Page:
Trac : A great project management tool !


@Work, I’ve worked on several software projects. First, I was a plain programmer not caring for the “where are we now?” question but rater quickly, I was assigned managerial responsibilities and the only thing that I had on my mind was “where are we now!?”. I’ve found the Trac project to be just what I needed in order to successfully calm my stress by providing a constant answer to the big question.

Trac is a great peace of software that allows you to keep track of everything that’s going on with your software project. More than a simple Bugzilla which only tracks bugs, the Trac project also allows you to manage things such as documentation, tasks, milestones, bugs, source code, …

Installing Trac on a linux server is quite straightforward, packages exist for most of the major linux distributions out there. On Ubuntu, a simple apt-get install trac does the trick. If you use version control on your project, you’ll be happy to know that trac supports almost all the tools out there such as CVS and SVN if you evolve in the entreprise world as I do, or Mercurial, git and Bazaar through plugins for those who don’t have the central repository constraint.

Once installed and linked to your version control system, you can start using Trac. As an administrator, you’ll want to give your users some rights and restrict some usages (maybe you don’t want everyone to be able to edit the wiki documentation). Also, an important aspect is that you’ll want to define some milestones for your project. Once you’re done doing that, you can start using the most powerful aspect of Trac, the tickets.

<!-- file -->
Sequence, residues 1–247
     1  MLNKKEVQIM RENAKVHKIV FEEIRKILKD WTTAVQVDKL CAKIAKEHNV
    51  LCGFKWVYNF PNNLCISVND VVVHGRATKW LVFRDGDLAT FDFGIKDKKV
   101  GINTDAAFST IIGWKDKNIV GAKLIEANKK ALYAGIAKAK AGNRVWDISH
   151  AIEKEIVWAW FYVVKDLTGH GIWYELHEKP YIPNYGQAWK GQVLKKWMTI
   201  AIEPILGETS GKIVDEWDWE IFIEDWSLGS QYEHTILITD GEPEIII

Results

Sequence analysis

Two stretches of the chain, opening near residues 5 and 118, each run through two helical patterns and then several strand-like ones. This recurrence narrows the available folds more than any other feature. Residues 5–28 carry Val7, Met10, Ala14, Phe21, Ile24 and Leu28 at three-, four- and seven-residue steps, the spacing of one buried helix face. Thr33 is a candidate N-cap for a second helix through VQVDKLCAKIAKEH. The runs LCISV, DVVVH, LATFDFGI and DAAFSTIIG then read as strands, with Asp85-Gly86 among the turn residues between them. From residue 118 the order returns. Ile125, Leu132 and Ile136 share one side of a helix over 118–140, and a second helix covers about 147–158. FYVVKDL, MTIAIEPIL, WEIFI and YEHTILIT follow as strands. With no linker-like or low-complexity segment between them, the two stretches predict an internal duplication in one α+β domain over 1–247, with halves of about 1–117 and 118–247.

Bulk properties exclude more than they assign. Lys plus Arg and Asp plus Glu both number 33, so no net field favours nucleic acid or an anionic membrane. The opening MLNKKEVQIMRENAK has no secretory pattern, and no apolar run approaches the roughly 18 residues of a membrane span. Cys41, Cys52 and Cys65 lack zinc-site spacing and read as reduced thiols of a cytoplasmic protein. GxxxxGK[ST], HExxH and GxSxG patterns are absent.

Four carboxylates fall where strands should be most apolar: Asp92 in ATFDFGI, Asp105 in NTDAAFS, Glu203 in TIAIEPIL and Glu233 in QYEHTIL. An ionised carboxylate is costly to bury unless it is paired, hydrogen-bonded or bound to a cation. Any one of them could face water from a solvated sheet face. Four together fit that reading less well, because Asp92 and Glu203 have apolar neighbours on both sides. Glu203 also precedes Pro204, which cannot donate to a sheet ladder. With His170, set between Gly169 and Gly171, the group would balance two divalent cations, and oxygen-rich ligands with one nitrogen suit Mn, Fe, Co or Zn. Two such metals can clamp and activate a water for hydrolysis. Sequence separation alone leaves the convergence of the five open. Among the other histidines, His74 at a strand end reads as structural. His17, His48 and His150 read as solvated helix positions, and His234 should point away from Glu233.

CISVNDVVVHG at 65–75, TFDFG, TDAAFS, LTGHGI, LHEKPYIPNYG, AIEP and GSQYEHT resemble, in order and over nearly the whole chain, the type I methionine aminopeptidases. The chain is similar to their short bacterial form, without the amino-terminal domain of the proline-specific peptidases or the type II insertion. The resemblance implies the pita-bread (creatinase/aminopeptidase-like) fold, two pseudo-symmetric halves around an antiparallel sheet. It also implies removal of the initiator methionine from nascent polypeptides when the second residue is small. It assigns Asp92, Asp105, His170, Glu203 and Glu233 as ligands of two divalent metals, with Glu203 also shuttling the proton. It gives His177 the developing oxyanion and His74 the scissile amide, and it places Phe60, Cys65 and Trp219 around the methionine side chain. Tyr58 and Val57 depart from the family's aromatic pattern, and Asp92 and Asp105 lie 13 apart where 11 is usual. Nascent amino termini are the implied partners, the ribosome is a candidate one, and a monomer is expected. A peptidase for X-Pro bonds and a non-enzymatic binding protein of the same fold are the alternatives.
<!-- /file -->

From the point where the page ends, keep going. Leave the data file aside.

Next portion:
Tickets are an abstract representation of the task concept, a ticket can be about a bug, a feature request, a discussion on the evolution of the software, … Tickets can be assigned to the milestones you previously defined and when that’s done, the meaning of a ticket becomes: if it’s open then it represents an “issue” that has to be addressed before the milestone to which it is attached, otherwise, if it’s closed, it belongs to the past.

One of the powerful features of Trac is the ability to link commit messages to tickets using post-commit-hooks (very easy to setup using SubVersion for example). This allows for changes made to the source code to be referenced from the ticket that describes the problem that they address and vice-versa. This feature is great for the developers working on the source so they can be aware of previous changes made towards solving an issue of improving an aspect of the software.

For the manager, Trac is great as it will show changes as they are made and summarize what’s left to be done in order to reach this or that milestone. For the developer, this aspect is also great as it provides a constant answer to the questions “where are we now? what’s to be done next?”.

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